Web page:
Organic ionic ink can make 3D printed sensors for soft robots

Integrating sensors within soft robots has been difficult in part because most sensors, such as those used in traditional electronics, are rigid. Harvard researchers developed an organic ionic liquid-based conductive ink that can be 3D printed within the soft elastomer matrices that comprise most soft robots.

They printed a soft robotic gripper comprised of three soft fingers or actuators. The researchers tested the gripper’s ability to sense inflation pressure, curvature, contact, and temperature. They embedded multiple contact sensors, so the gripper could sense light and deep touches.

Next, they hope to harness the power of machine learning to train these devices to grasp objects of varying size, shape, surface texture, and temperature.

Advanced Materials – Soft Somatosensitive Actuators via Embedded 3D Printing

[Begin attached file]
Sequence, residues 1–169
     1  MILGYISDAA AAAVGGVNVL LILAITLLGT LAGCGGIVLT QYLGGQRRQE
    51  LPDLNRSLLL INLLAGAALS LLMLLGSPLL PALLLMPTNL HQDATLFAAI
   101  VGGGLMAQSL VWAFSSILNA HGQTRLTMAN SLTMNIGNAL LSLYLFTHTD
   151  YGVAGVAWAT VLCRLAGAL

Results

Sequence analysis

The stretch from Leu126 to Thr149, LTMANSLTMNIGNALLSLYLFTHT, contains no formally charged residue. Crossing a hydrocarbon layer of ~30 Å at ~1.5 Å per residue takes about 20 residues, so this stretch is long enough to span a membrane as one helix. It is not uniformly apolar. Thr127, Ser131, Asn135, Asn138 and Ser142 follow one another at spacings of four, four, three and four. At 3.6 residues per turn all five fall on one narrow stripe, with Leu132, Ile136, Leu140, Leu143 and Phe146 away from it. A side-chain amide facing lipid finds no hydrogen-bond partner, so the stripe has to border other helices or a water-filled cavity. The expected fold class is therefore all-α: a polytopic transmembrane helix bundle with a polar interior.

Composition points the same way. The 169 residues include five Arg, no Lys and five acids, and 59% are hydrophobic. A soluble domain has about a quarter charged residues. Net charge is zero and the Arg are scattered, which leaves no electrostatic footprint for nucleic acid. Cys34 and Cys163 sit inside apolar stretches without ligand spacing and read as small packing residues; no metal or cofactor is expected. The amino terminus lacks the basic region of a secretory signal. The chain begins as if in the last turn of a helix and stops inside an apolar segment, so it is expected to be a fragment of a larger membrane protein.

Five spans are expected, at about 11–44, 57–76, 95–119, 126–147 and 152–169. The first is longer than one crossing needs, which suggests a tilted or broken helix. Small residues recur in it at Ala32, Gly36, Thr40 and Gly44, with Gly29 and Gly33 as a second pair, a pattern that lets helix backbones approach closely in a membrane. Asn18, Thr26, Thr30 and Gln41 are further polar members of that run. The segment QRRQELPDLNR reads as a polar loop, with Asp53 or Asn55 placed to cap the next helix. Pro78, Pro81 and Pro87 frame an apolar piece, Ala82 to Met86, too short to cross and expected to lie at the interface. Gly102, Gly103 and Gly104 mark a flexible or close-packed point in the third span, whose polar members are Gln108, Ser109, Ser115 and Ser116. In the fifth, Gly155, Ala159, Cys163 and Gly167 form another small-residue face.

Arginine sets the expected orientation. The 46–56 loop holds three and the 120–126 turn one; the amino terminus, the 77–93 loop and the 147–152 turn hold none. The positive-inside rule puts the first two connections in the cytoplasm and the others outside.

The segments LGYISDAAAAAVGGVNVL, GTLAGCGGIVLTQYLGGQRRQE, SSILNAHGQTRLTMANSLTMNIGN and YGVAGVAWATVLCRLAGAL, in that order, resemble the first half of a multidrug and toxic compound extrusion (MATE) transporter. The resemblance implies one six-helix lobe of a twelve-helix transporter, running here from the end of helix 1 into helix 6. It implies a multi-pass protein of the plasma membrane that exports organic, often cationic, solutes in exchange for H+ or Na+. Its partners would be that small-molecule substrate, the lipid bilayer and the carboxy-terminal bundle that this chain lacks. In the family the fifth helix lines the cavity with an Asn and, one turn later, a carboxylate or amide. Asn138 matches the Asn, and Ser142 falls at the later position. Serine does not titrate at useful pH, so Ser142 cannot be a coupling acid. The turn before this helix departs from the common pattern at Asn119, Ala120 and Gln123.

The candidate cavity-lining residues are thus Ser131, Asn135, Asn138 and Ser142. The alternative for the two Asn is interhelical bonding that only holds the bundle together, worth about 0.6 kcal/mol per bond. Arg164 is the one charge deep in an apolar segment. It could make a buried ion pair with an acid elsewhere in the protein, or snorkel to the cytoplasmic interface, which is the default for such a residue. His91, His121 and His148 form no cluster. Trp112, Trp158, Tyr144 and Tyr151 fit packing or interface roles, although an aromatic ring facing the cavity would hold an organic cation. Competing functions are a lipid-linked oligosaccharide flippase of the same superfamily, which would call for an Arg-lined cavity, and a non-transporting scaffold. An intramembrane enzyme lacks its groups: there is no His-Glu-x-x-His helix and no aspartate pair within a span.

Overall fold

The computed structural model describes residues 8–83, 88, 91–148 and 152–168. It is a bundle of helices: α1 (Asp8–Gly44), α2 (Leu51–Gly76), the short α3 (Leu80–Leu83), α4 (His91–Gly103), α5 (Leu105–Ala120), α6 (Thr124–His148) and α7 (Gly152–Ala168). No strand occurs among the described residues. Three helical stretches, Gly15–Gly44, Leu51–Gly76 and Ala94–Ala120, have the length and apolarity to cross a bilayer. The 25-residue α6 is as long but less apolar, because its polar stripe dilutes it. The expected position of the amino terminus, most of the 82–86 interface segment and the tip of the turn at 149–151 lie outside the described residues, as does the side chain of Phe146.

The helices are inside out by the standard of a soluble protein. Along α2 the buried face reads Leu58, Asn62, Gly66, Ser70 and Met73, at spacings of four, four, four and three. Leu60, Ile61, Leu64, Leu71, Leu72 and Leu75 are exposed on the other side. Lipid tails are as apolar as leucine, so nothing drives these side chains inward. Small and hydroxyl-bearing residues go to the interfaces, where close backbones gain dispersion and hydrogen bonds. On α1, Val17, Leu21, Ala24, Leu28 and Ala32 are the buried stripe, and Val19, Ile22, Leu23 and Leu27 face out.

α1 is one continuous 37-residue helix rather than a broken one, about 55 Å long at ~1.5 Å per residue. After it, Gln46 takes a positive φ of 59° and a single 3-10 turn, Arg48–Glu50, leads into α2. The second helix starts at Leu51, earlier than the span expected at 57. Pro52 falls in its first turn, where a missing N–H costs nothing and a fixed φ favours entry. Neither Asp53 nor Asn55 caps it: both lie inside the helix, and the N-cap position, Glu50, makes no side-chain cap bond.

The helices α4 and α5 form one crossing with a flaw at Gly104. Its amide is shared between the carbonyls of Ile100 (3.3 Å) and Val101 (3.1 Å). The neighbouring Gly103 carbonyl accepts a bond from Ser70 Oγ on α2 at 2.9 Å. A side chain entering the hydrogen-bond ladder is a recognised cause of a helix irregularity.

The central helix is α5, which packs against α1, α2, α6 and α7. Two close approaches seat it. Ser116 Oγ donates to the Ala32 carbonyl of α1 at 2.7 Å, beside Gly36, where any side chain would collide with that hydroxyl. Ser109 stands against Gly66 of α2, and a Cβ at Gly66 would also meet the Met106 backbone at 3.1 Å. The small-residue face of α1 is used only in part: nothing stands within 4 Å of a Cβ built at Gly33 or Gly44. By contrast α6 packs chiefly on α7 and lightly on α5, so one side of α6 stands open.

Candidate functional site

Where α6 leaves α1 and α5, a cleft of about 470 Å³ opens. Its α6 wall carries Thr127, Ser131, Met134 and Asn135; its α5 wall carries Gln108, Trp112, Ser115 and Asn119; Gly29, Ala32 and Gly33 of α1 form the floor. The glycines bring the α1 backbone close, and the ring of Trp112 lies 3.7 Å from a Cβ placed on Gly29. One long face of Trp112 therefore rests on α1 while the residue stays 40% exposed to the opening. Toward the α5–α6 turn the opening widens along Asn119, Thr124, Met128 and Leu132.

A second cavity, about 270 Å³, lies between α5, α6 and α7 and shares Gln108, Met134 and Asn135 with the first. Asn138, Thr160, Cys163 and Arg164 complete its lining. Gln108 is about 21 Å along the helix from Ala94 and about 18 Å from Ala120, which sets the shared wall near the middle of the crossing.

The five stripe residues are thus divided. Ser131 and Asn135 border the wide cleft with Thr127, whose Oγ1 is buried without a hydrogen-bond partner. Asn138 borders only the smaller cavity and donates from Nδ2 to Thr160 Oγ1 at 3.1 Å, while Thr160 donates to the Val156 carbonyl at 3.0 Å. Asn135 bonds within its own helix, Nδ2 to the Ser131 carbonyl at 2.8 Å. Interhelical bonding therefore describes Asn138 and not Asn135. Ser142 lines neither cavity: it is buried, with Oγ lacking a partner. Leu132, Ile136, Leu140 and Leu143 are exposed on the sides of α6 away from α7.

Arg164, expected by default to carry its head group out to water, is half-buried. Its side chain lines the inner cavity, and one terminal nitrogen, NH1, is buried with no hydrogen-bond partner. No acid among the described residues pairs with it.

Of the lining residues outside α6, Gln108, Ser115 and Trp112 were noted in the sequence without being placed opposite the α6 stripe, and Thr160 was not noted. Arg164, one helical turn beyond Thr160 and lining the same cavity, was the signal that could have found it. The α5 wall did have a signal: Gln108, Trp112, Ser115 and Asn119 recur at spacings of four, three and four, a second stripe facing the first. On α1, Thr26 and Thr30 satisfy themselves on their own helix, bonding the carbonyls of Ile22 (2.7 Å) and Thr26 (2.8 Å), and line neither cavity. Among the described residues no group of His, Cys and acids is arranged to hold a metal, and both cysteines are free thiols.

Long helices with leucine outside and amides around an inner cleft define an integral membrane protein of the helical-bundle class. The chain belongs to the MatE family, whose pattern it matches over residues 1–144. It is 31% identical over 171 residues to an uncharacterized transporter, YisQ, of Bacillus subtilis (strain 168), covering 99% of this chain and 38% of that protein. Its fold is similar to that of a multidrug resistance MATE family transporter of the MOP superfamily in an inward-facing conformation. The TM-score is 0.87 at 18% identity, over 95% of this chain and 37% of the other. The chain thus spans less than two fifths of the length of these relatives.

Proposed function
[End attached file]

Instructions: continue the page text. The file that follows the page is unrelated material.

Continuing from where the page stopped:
Humans possess manual dexterity, motor skills, and other physical abilities that rely on feedback provided by the somatosensory system. Herein, a method is reported for creating soft somatosensitive actuators (SSAs) via embedded 3D printing, which are innervated with multiple conductive features that simultaneously enable haptic, proprioceptive, and thermoceptive sensing. This novel manufacturing approach enables the seamless integration of multiple ionically conductive and fluidic features within elastomeric matrices to produce SSAs with the desired bioinspired sensing and actuation capabilities. Each printed sensor is composed of an ionically conductive gel that exhibits both long‐term stability and hysteresis‐free performance. As an exemplar, multiple SSAs are combined into a soft robotic gripper that provides proprioceptive and haptic feedback via embedded curvature, inflation, and contact sensors, including deep and fine touch contact sensors. The multimaterial manufacturing platform enables complex sensing motifs to be easily integrated into soft actuating systems, which is a necessary step toward closed‐loop feedback control of soft robots, machines, and haptic devices.


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